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Thursday, 21 November, 2002, 10:51 GMT
Executive quits over gangster charges
Nippon Shinpan president Yoji Yamada bows as he apologises for his company's misdeeds
In accordance with custom, the buck stops with the boss
Japan's latest corporate scandal has claimed the scalp of the man at the top of the company in question, as consumer credit firm Nippon Shinpan owned up to paying off racketeers in exchange for a quiet life.

Speaking at a packed press conference on Thursday, Nippon Shinpan's president bowed deeply before telling reporters that he would resign as a result of the company's misdeeds.

"I keenly feel an unlimited responsibility for the scandal," 54-year-old Yoji Yamada told his audience, following a long-running Japanese corporate tradition of the man at the top taking the fall.

Eight senior executives at the company, Japan's top consumer credit provider, were arrested a week ago and charged with paying gangsters up to 80m yen ($650,000) since 1991 to stop them from disrupting shareholder meetings.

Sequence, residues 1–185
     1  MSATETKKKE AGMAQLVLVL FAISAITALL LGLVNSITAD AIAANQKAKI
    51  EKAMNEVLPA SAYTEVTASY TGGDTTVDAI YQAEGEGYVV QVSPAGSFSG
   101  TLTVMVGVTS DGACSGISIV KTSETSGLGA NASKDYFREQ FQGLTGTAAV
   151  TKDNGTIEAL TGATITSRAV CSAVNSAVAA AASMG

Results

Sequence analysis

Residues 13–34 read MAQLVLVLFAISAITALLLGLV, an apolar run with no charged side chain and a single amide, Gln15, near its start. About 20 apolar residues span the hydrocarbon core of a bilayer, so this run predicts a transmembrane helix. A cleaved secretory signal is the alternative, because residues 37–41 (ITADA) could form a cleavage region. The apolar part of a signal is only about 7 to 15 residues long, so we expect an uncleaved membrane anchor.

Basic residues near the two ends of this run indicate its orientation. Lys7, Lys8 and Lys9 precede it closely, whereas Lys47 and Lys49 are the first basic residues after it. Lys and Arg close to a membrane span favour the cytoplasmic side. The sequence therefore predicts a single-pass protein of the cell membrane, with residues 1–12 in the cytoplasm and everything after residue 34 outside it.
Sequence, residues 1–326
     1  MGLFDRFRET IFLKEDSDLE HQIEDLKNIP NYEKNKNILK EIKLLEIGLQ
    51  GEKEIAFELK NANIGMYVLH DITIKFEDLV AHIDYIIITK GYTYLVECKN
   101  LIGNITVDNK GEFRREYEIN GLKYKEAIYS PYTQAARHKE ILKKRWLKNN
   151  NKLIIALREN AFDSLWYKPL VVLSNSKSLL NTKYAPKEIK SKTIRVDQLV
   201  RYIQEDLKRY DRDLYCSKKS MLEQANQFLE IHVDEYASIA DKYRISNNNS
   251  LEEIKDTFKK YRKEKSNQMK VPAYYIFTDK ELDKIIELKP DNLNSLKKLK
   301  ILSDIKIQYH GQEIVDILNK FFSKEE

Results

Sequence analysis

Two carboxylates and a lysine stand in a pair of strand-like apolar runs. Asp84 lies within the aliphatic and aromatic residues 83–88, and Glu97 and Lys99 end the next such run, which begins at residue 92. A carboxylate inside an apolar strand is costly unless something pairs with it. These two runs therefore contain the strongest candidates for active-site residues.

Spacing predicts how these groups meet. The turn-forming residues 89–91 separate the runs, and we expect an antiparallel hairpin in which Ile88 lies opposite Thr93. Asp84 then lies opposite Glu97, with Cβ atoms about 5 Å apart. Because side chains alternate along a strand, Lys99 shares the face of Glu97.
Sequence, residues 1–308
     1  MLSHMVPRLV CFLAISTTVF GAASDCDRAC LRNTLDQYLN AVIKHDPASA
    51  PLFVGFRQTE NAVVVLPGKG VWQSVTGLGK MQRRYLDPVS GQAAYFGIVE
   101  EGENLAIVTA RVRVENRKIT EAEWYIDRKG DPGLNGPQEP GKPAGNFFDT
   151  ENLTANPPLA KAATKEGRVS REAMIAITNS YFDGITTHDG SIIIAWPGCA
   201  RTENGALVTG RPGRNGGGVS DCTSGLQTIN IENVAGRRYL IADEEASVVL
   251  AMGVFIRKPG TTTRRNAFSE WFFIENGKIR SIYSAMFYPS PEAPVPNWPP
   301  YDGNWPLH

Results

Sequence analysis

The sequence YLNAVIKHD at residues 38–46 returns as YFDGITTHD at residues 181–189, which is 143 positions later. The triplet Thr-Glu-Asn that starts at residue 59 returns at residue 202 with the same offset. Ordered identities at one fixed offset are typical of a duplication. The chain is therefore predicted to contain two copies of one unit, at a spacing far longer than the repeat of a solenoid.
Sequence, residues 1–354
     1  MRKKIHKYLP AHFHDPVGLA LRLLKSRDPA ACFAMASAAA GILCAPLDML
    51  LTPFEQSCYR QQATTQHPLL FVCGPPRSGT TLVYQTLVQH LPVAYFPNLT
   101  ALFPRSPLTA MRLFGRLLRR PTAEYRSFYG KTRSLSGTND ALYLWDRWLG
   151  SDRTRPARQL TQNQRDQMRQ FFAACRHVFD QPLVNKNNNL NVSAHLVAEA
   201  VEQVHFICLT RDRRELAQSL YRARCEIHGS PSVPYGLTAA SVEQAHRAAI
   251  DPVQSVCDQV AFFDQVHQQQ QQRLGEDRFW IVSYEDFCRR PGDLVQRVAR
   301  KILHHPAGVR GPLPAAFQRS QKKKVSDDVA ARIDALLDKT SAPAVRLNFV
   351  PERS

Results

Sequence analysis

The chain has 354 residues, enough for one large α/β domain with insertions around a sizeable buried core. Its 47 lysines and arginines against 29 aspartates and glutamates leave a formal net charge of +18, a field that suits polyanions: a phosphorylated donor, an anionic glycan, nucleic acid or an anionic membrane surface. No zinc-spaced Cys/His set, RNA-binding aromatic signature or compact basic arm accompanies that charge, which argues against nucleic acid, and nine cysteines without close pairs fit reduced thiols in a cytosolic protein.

The racketeer accused of taking the payoffs, 60-year-old Kikuo Kondo of the Sumiyoshi-kai yakuza gang, was also arrested.

Anything for a quiet life

Nippon Shinpan is far from the only company accused - or found guilty - of giving in to the so-called "sokaiya".

The term simply means "shareholder meeting operator", and describes a brand of gangsterism unique to Japan.

Throughout the boom years of the 1980s and even the debt-ridden 1990s, Japan's army of yakuza - its home-grown mafia - realised that companies could be easy pickings.

They would buy token shares in public companies and then threaten to disrupt AGMs and other meetings with awkward questions unless they were paid off.

Alternatively they would offer their services to companies to scare off genuinely disgruntled shareholders.

Harsh consequences

In his profuse apology, Mr Yamada denied knowing anything about the affair.

His replacement will be chosen after negotiations with the company's lead lender UFJ Holdings - the bank seen as most at risk of collapse and nationalisation as a result of its huge bad debt burden.

The payments have been illegal since 1997, although the practice continues.

For Nippon Shinpan the consequences have already been stark, and its shares have lost almost half their value in 2002 despite assurances that it should double net profits to 8bn yen this year.

News of the resignation, however, pushed its share price 6% higher to 93 yen by the close of business on Thursday.


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